As has been described, the certificate issuance, tracking, and redemption components provide for remote redemption of a certificate. A participant must only call in a serial number of the certificate in order to redeem the certificate for an award. The participant does not have to physically mail in the certificate to a redemption center, which typically introduces delay into the redemption process. Furthermore, by permitting for tracking of a certificate by serial number, the present invention permits partial redemption of a certificate, which is not possible if the certificate must be mailed.

Conclusion

A computerized incentive program system has been described. In an exemplary embodiment, the system comprises a pricing component, a bank account component, and a certificate component. The bank account component comprises two sub-components in one embodiment, an awards calculation/issuance component and a redemption component. The certificate component comprises three sub-components in one embodiment, a certificate issuance component, a certificate tracking component, and a certificate redemption component. Those of ordinary skill within the art will readily appreciate that many changes and modifications to the above drawings and description can be made without departure form the spirit or scope of the following claims. For example, the certificate issuance and tracking components have been shown and described to divide between the two components various functionality with respect to certificates. However, modification of the present invention so that some of the functionality of one of the components is instead performed by others is within the scope of the following claims.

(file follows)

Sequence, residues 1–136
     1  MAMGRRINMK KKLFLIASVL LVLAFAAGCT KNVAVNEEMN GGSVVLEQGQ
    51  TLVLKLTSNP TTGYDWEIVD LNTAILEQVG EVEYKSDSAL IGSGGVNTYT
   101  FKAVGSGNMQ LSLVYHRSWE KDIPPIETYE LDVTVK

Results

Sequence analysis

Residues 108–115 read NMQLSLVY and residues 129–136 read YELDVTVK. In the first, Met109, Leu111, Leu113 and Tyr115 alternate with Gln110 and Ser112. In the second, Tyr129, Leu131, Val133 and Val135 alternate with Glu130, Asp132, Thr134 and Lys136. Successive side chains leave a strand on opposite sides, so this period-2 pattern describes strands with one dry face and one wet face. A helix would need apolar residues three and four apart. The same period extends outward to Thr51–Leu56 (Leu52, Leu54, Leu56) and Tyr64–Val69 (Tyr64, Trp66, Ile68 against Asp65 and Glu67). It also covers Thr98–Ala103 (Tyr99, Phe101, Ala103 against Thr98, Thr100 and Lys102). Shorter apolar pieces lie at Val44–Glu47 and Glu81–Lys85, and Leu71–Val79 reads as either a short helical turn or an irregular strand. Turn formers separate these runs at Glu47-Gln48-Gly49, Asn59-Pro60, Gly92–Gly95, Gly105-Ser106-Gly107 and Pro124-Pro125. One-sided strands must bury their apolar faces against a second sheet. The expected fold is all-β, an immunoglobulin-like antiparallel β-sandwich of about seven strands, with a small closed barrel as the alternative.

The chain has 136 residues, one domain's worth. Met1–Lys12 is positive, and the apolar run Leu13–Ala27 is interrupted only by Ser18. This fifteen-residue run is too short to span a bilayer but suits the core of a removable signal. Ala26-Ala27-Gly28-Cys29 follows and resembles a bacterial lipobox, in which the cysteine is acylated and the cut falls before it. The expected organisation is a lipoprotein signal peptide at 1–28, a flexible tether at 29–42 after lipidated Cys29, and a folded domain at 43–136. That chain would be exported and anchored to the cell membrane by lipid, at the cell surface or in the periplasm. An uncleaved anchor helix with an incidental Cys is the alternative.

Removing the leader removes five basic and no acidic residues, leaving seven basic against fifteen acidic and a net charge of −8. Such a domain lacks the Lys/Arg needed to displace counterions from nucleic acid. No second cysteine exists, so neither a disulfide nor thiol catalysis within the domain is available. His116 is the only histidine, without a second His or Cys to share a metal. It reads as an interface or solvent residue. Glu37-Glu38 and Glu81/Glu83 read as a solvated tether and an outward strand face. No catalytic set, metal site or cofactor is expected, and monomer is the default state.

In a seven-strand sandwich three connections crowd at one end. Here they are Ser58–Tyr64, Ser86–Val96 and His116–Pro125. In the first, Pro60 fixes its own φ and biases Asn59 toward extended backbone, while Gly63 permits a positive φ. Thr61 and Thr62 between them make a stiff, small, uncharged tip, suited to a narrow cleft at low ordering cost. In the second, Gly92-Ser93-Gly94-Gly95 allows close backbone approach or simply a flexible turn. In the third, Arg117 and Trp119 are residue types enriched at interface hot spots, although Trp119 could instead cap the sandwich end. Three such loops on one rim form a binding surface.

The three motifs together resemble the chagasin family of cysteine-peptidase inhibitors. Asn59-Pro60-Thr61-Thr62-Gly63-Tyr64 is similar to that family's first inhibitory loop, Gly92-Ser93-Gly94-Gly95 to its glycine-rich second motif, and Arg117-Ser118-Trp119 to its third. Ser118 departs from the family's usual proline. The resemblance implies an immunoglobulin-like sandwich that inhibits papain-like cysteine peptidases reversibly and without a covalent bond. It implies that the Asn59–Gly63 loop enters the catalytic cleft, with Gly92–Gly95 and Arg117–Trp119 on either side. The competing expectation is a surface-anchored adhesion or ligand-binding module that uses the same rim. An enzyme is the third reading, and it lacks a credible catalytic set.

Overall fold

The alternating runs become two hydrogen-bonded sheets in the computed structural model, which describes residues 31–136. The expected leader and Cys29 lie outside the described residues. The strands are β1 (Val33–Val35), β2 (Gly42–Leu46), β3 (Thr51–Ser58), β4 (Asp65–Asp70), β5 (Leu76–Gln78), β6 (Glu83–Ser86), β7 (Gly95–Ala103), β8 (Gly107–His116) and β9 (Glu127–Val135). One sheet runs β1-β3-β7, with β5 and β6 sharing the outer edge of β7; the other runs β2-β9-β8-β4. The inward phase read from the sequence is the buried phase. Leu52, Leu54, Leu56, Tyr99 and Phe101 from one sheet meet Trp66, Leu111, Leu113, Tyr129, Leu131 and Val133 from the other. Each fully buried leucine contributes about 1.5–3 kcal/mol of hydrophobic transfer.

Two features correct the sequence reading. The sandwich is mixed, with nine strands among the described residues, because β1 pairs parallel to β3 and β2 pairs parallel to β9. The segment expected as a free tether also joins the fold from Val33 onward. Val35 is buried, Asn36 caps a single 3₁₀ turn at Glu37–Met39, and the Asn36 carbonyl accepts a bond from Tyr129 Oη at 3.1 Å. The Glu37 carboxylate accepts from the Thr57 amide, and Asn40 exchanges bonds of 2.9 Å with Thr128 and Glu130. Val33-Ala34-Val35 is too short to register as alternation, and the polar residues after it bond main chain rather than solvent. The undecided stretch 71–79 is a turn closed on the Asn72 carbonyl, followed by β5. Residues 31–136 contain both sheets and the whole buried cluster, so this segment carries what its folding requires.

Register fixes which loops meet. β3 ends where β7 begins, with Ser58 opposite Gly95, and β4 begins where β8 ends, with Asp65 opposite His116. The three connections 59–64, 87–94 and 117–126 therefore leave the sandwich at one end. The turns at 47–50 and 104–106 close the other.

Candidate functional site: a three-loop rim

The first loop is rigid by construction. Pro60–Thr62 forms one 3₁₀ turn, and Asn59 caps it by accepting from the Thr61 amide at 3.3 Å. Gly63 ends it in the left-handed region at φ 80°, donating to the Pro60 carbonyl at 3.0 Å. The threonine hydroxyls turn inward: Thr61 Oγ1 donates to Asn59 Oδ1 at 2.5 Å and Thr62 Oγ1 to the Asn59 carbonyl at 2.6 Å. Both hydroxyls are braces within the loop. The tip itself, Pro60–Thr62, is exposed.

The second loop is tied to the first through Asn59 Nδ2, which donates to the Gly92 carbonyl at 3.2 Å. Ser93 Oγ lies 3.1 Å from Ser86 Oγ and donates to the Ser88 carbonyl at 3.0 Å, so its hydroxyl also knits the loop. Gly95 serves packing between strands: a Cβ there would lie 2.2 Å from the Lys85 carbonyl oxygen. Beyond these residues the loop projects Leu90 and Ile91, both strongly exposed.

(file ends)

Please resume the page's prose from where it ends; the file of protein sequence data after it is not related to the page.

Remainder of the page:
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Classifications
U.S. Classification705/14.17, 705/14.36, 705/14.26
International ClassificationG06Q30/00
Cooperative ClassificationG06Q30/02, G06Q30/0236, G06Q30/0215, G06Q30/0225
European ClassificationG06Q30/02, G06Q30/0215, G06Q30/0225, G06Q30/0236
Legal Events
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Nov 29, 2010FPAYFee payment
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Apr 15, 1997ASAssignment
Owner name: BI PERFORMANCE SERVICES, MINNESOTA
Free format text: ASSIGNMENT OF ASSIGNORS INTEREST;ASSIGNORS:JACK, JOHN M.;CARSON-GAMAUF, YUANITA A.;BINZEN, STEPHANIE A.;REEL/FRAME:008536/0246;SIGNING DATES FROM 19970221 TO 19970224